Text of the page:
Freak Flag Fly

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If you read contemporary surrealist poetry instead of the newspaper, you might believe that everyone has been abducted. Every human has a ghost in her back pocket and we all get our own violent deer. We live in a magic forest—even those of us in cities. The trees are talking and they’re talking loud.

Our surrealist newscasters document the inherent strangeness of existence. They document it slantwise, and their work makes for transcendent experiences—some of which grab our hearts and lift them out of the subways. But there are moments when we might crave a more direct reportage of everyday peculiarities.

Jamie Iredell is a poet who says: Yes, things are freaky right here. You don’t even need to be abducted to experience the weirdness. Let’s catalogue these entities that make up our reality. Let’s explore them and give them their due, because isn’t it odd that they exist at all? And isn’t it magic that we exist at all?

In The Book of Freaks, a new collection of prose poems from Pacific Northwest indie press Future Tense Books, Iredell surveys the landscape of our modern existence and creates an alphabetical catalogue of freakishness. But this is no Rand McNally; what makes the collection exciting is Iredell’s delicious sense of humor, his play with language and the dexterity with which he varies his voice.

Each of the entities featured in Freaks—from boobs to Gigantomastia to Russians are elements drawn from Iredell’s own orbit or, at least, from his interests. What’s more, the book is self-referential in its own bookishness and redefines textual sundries like blurbs, index (found under “I” and not at the back of the text) and second title page. Yet there is a sense that each of these characters, objects and states of being are liberated from the poet in that he allows them to grow into their own voices and allows for those voices to evolve.

In “A Human,” Iredell begins with what seems like a third-person, categorical portrayal of human beings as a species. “Humans are born normal—like most mammal infants, head first.” He then transitions from a description of universal physical characteristics, “hair strands,” “epidermis” and “fat” to an individual human’s story. The reader meets a man who suffers in city subways from headaches that feel like trains. The man overcomes his city life and endures “today to drive a truck” prompting the reader to imagine if she wouldn’t prefer an alteration to her lifestyle as well. Through juxtaposing the universal with the personal, Iredell invites the reader to more deeply inhabit his characters.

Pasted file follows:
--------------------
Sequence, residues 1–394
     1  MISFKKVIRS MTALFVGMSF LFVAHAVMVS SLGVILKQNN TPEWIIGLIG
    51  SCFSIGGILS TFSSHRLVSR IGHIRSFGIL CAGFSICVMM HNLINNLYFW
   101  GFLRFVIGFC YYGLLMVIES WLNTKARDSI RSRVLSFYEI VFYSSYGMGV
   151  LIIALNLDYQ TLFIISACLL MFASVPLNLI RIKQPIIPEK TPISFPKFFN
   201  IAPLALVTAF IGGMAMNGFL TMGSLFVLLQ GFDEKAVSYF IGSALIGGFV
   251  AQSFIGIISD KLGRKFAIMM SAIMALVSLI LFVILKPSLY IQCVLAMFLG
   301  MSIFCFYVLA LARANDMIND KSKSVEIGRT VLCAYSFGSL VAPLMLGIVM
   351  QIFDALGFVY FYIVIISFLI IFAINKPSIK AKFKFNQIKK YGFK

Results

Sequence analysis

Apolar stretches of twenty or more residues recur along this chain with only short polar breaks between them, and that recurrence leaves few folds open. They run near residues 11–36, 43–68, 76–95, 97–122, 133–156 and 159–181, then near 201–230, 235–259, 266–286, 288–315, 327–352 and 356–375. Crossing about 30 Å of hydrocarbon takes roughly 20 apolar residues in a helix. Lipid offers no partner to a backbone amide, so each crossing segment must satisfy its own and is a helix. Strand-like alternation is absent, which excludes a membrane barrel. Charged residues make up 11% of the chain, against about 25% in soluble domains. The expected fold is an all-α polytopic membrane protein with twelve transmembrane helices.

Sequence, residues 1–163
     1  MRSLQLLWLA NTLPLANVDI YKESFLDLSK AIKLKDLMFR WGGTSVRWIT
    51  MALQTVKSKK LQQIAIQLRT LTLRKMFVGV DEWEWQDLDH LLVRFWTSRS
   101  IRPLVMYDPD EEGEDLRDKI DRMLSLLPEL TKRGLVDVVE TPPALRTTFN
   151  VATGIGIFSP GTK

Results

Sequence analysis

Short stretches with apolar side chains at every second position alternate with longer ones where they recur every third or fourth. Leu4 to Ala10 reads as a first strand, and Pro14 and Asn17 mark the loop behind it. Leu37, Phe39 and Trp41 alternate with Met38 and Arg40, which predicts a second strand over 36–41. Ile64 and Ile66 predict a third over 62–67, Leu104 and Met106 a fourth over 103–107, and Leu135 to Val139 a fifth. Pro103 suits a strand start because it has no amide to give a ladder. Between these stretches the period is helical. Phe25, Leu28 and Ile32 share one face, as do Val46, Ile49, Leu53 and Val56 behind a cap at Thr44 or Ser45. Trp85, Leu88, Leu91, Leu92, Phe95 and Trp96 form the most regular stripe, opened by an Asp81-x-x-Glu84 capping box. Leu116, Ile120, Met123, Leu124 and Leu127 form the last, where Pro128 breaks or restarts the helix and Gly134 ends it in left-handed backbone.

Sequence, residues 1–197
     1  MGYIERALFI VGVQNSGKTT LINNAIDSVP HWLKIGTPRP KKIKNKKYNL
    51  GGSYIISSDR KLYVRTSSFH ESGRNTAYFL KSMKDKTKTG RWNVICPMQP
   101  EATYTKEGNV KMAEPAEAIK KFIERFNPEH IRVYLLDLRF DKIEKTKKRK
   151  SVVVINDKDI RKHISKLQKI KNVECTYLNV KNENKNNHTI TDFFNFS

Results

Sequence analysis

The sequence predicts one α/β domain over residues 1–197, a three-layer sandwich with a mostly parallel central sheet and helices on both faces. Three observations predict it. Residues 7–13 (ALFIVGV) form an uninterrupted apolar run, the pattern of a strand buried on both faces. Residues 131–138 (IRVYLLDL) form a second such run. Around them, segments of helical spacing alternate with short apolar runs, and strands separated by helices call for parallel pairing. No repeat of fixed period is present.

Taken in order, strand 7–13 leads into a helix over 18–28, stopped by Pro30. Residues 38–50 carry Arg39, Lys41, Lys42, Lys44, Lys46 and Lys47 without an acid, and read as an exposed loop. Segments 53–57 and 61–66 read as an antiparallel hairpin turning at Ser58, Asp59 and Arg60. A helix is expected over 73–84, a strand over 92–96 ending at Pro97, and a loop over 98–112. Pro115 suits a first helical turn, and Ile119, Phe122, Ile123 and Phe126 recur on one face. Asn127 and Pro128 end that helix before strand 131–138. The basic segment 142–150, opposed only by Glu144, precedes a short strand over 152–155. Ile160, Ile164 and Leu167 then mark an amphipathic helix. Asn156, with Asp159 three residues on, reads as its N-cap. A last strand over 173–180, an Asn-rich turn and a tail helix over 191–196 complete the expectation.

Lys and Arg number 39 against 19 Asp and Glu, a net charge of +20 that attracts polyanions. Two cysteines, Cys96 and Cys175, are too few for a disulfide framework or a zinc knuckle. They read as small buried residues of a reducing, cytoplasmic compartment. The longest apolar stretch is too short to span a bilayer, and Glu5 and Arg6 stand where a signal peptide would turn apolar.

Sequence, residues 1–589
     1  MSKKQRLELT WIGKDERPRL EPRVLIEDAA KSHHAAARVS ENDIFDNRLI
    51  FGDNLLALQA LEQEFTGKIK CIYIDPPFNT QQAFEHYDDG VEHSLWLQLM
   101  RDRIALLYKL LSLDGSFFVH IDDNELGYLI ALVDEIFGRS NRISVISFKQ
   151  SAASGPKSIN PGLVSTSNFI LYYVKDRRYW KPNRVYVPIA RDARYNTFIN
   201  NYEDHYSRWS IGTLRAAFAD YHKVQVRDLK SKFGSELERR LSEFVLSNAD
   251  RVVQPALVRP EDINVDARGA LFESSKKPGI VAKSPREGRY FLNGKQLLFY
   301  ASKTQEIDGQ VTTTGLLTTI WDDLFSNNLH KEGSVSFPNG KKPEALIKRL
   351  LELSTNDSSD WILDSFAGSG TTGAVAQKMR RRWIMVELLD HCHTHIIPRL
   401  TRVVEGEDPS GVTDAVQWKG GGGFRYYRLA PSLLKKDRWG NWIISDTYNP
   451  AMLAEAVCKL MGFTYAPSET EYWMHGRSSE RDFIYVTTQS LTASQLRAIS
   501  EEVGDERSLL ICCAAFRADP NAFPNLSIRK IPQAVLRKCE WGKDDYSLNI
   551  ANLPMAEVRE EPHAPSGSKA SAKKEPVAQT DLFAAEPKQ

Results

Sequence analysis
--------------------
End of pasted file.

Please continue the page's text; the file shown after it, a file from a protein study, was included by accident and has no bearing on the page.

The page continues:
“The Writing on the Wall” is another surprising poem. Rather than delivering an ominous or utilitarian warning as one might expect, “the writing on the wall” is personified as an entity that “lilts along, a feminine hand. Every e curls like a tongue, the word tongue, in fact, tastes the wall.” Iredell then introduces the reader to the creator of this handwriting, a girl in a wheelchair with a nose that is “a road to her mind” and a mother whose voice is “as rough as the wall.” No person or thing is what it seems. There are trap doors and false bottoms. What we believe we know at surface level has a richer story.

Freaks is less successful when Iredell assumes a more stereotypical perspective, such as in the poem “San Franciscans” where “San Franciscans are most fond of their dreadlocks.” Likewise, in “The Haves,” members of the upper-crust drive Cadillacs and Mercedes and ask “Have you been to New York City?” Yet these moments are not mean-spirited. They just don’t live up to the expansiveness of the rest of the text. For the most part, Iredell is a sympathetic poet who explores his subjects from all angles. In “Comic Dork,” he writes:

Sometimes during the comic dork’s nightmares—
bowie knife-wielding bearded goons hanging over
his chest, strapped as he was to the vinyl of the Beetle’s
interior—he’d realize that he was dreaming…
…In the mornings as he brushed his teeth, his
mother lay her Dawn-soft hands on his shoulders, and
rubbed Vaseline into the split of his lip.

While every reader has not experienced a comic dork period, each of us was born to a mother. This unifying thread is both tender and bizarre, and thus—freakdom is not relegated to the tattooed, pierced or comic-loving among us. Iredell infuses the specific—and even brand-name—with the unanimous, in order to depict the universality of freak.

It’s also interesting to look at this collection in terms of the sum of its entities. Each poem may be perceived as only paratactically (or alphabetically) related to the next, but is this a random sampler? How did Iredell choose the subjects of his exploration from infinite others? Aside from their significance to the poet, what do conjoined twins have to do with a chicken fried steak? How does a mountain lion pertain to a colophon? Perhaps it doesn’t; yet the text mirrors waking life in that both entities exist side by side on this plane, and so they are connected. Iredell’s juxtapositions compel the reader to examine not only the oddity of individual entities, but the strangeness of their concurrent existence. It is weird indeed that autofellation and the flea both exist. But what’s even weirder is that we are here to bear witness, and that we are breathing.

Melissa Broder is the author of the poetry collection WHEN YOU SAY ONE THING BUT MEAN YOUR MOTHER (Ampersand Books, 2010). She is the chief editor of La Petite Zine and curates the Polestar Poetry Series in NYC. Find her online at More from this author →